For instance, you could look up Neptune, which just completed its first orbit since it was discovered in 1846. If you lived there, you'd be celebrating your first birthday!


All houseparty all the time around here, I know. But it ties into A Round of Words in 80 Days, this time.

Not only was Ron Wodaski's Mall at the End of Time an amazing, exciting, unexpected location to hang out in (I churned out 39,180 words and some of it was backstory that's directly usable in the wip), this month marks the first anniversary of the Cherry Hill, Georgia houseparty, hosted by Zan Marie.

Which means... one year since I rediscovered my love of writing romance, one year since Rosa's affair with Lord Rochester, and one year since I started writing Rosa's story in earnest. Now I'm *gasp* 20 pages away from finishing…

ROW80, U2 and Lollygagging

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on't know if this post will even come through - Blogger seems to be acting up again, not letting me leave comments.

Which is a shame, as everyone seems to be doing so well on their writing projects and A Round of Words in 80 Days goals and I'd like to sprinkle some congratulations confetti!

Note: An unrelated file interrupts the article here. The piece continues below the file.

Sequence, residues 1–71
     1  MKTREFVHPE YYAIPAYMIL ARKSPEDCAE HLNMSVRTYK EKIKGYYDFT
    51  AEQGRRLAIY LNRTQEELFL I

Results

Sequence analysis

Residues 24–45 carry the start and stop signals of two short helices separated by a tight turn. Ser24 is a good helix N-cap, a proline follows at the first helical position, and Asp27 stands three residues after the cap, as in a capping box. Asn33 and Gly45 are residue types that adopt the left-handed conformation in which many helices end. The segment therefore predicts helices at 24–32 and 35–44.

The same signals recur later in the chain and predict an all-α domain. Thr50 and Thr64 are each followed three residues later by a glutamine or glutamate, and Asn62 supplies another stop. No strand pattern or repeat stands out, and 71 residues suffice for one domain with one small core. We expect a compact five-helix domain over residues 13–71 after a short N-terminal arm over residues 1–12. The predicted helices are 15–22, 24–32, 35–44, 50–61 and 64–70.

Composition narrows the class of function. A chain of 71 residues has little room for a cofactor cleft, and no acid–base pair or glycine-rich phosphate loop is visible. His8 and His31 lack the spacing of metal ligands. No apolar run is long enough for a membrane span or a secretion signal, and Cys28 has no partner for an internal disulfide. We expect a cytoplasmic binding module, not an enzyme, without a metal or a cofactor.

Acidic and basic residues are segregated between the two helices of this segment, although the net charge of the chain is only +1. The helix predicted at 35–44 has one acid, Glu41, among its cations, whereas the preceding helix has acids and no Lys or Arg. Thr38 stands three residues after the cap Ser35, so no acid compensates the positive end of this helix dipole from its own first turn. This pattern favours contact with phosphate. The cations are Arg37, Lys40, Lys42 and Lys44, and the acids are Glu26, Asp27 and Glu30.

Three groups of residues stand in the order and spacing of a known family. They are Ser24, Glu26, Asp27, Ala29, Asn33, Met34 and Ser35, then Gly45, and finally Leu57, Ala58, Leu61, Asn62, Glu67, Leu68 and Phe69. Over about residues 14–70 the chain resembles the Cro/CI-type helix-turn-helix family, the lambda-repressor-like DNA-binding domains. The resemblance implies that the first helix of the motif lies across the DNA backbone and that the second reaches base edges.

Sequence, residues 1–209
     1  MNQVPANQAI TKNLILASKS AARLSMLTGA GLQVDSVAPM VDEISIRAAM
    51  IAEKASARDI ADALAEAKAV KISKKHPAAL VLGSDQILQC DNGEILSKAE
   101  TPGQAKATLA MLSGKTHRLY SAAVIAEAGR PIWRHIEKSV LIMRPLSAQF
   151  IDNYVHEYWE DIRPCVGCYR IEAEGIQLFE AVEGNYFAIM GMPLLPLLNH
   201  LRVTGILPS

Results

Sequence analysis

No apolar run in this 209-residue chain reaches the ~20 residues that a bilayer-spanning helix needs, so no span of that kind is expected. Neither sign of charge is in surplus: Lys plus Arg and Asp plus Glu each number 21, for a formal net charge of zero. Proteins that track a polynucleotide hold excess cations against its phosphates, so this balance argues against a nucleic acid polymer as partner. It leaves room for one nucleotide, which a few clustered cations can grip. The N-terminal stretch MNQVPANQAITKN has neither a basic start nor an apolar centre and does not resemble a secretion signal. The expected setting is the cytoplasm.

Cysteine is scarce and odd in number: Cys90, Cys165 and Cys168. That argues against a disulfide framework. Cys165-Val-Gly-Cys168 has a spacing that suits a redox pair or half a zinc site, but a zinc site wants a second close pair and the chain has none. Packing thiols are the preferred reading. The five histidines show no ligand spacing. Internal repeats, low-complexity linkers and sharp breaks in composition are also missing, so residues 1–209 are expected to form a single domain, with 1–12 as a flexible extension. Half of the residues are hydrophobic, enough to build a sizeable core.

On the other hand, maybe it's a sign that I should stop lollygagging and get on with edits. If I buckle down, I think I can get another 20 pages of square brackets cleared up today. Then I've got a few linking scenes to type up. I've got no excuses, now that our houseparty is over.

Well, I do have one excuse. I've got mosquito bites all over my hands from being out on the balcony for an hour yesterday, listening to the outdoor U2 concert, which the wind carried over to us, starting with New Year's Day (link to very shaky video). I realised while listening that U2 involved a lot of firsts for me, including the fact that they were my first ever concert (in 1992) and the fi…

Award and 250 Followers!

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m, yes, I know I've been blabbing about the writers' houseparty. It's winding down now; all we've got left to do is save the universe.

One of our contributors, Ron Wodaski, has a lovely poem over on his blog.



And hey, I just noticed - I'm at 250 followers! *pauses to catch a breath*
Wow. Thanks so much everyone. May the writing and blogging and fun continue for us all!

And thank you to Su for the cute award!


I've got to list five books/films/TV programmes I've experienced in the last 12 months. Being me, I'm going to mention five books, sort of:

Aww, I should have waited till 15 July, then I could have mentioned Harry Potter. But I did reread Harry Potter and the Deathly Hallows and The Tales of Beedle the Bard before the last movie.

Then there was the anthology Songs of Love & Death, which featured a new short story by Diana Gabaldon.

Clouds of Witness by Dorothy L Sayers. I love England in the 1920s!

I read some more Cat Who... books! I still haven…